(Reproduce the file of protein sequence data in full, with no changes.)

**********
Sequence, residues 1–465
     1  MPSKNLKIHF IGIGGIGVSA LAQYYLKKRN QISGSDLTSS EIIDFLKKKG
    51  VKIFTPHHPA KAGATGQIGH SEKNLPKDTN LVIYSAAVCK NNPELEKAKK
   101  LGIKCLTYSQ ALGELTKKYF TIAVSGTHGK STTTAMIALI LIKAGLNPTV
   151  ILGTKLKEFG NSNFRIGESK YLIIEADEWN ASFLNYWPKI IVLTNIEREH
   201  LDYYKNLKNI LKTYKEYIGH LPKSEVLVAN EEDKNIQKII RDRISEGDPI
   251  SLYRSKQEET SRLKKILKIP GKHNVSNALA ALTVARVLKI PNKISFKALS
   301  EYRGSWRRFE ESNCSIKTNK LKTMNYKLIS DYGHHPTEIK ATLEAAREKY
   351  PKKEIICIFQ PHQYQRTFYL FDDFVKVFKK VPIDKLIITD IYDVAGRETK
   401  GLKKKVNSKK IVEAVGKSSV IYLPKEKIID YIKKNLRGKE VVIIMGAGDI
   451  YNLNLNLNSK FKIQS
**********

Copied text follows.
Sequence, residues 1–465
     1  MPSKNLKIHF IGIGGIGVSA LAQYYLKKRN QISGSDLTSS EIIDFLKKKG
    51  VKIFTPHHPA KAGATGQIGH SEKNLPKDTN LVIYSAAVCK NNPELEKAKK
   101  LGIKCLTYSQ ALGELTKKYF TIAVSGTHGK STTTAMIALI LIKAGLNPTV
   151  ILGTKLKEFG NSNFRIGESK YLIIEADEWN ASFLNYWPKI IVLTNIEREH
   201  LDYYKNLKNI LKTYKEYIGH LPKSEVLVAN EEDKNIQKII RDRISEGDPI
   251  SLYRSKQEET SRLKKILKIP GKHNVSNALA ALTVARVLKI PNKISFKALS
   301  EYRGSWRRFE ESNCSIKTNK LKTMNYKLIS DYGHHPTEIK ATLEAAREKY
   351  PKKEIICIFQ PHQYQRTFYL FDDFVKVFKK VPIDKLIITD IYDVAGRETK
   401  GLKKKVNSKK IVEAVGKSSV IYLPKEKIID YIKKNLRGKE VVIIMGAGDI
   451  YNLNLNLNSK FKIQS